By Barbara Kollmeyer and Emily Bary
Blaming the “high cost of payments,” Amazon.com said starting next year, it will no longer accept Visa credit-cards issued in the U.K.
“The cost of accepting card payments continues to be an obstacle for businesses striving to provide the best prices for customers. These costs should be going down over time with technological advancements, but instead they continue to stay high or even rise,” said an Amazon /zigman2/quotes/210331248/composite AMZN +1.33% spokesperson in emailed statement on Wednesday.
“As a result of Visa’s /zigman2/quotes/203660239/composite V -1.98% continued high cost of payments, we regret that Amazon.co.uk will no longer accept UK-issued Visa credit cards as of 19 January, 2022,” the spokesperson said. The e-commerce giant will accept debit cards, including those from Visa, along with other cards not issued by the credit giant.
“With the rapidly changing payments landscape around the world, we will continue innovating on behalf of customers to add and promote faster, cheaper, and more inclusive payment options to our stores across the globe,” said Amazon.
In a separate statement, a Visa spokeperson said the company was “very disappointed that Amazon is threatening to restrict consumer choice in the future.
“When consumer choice is limited, nobody wins. We have a longstanding relationship with Amazon, and we continue to work toward a resolution, so our cardholders can use their preferred Visa credit cards at Amazon U.K. without Amazon-imposed restrictions come January 2022,“ said the spokesperson in an emailed statement.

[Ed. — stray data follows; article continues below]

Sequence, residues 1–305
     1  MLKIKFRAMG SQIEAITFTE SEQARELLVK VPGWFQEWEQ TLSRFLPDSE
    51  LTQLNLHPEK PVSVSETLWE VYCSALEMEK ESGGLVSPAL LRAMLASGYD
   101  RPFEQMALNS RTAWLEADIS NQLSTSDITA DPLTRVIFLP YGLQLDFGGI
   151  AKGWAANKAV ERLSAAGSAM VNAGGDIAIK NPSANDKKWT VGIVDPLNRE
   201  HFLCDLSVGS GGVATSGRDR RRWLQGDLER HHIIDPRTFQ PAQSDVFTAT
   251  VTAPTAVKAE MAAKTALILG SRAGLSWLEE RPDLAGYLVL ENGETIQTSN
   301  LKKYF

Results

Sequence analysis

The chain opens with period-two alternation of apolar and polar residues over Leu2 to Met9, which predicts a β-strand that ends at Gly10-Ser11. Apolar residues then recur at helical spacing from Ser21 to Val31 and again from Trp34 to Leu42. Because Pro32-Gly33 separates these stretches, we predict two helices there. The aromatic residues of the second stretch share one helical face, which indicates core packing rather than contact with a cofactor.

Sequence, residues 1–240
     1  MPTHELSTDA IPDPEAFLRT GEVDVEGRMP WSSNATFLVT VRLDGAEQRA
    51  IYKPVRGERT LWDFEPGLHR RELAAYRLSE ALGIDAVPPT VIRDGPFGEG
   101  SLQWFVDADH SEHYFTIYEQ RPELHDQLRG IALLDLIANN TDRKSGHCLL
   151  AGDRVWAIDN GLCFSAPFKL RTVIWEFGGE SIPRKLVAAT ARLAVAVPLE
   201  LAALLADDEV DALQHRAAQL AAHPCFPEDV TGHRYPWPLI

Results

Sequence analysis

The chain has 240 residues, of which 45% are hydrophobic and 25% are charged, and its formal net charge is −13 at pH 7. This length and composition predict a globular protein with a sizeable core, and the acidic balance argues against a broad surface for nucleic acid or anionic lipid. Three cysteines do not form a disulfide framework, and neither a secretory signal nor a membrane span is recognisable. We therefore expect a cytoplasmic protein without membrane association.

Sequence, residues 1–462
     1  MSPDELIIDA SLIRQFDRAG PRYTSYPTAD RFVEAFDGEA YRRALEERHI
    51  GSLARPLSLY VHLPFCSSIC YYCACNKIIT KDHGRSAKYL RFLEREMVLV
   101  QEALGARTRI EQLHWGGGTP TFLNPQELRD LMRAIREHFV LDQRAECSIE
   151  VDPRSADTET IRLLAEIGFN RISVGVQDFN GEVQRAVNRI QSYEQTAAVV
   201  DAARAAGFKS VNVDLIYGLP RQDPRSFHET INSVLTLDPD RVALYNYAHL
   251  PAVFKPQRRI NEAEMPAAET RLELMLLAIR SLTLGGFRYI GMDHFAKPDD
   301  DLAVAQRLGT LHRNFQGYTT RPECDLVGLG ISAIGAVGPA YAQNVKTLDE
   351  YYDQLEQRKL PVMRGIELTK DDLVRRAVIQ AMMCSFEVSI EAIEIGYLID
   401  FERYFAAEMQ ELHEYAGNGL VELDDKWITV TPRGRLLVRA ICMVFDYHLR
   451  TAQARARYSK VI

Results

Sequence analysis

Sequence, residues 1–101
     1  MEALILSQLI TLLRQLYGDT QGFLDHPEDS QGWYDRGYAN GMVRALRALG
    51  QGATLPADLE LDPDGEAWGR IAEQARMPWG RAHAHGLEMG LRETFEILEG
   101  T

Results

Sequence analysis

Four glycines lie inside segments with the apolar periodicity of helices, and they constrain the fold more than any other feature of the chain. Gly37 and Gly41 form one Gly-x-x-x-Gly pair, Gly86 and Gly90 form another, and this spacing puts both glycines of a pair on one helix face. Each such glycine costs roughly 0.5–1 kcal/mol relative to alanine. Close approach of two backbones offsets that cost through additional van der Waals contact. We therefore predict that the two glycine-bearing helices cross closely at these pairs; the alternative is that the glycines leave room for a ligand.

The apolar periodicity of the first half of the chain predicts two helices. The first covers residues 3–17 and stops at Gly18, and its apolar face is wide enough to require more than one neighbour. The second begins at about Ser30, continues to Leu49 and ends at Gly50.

Separately, a Visa spokeswoman said the company’s fees remain “competitive.”
Visa shares were off more than 5% in morning trading Wednesday.
Baird analyst David Koning called Amazon’s move a “sentiment headwind” for Visa, though he doesn’t think it will have a “material” impact on the payments company’s financials.
“We think the UK in total is maybe around 6% to Visa revenue and Amazon a small part of that,” he wrote. “This is more of a risk if it spreads to other merchants, but we think unlikely.”
While Koning expected that many Amazon customers would switch to Visa debit cards after a Visa credit-card ban, he acknowledged that some might opt for credit cards branded by Mastercard Inc. /zigman2/quotes/207581792/composite MA -1.59% or American Express Co. /zigman2/quotes/203805826/composite AXP +0.12% instead.
Amazon has card partnerships with the other payments giant. Its site lists an Amazon Platinum Mastercard and an Amazon Business American Express Card.
This isn’t the first standoff between a merchant and Visa. Some Kroger Co. chains said they would stop accepting Visa cards in 2018 and 2019 before eventually reversing course.
“For perspective, in past years, Kroger and Walmart have tried this in North America, which represented bigger pockets of Visa’s revenue, though again was immaterial,” Koning wrote. “They eventually came back to accepting Visa credit cards.”
Barclays analyst Ramsey El-Assal wrote that Amazon’s move is “likely a negotiating tactic.” He also sees a “minimal” financial impact to Visa as he expects that the company’s credit business in the U.K. is “dwarfed by the network’s debit business.”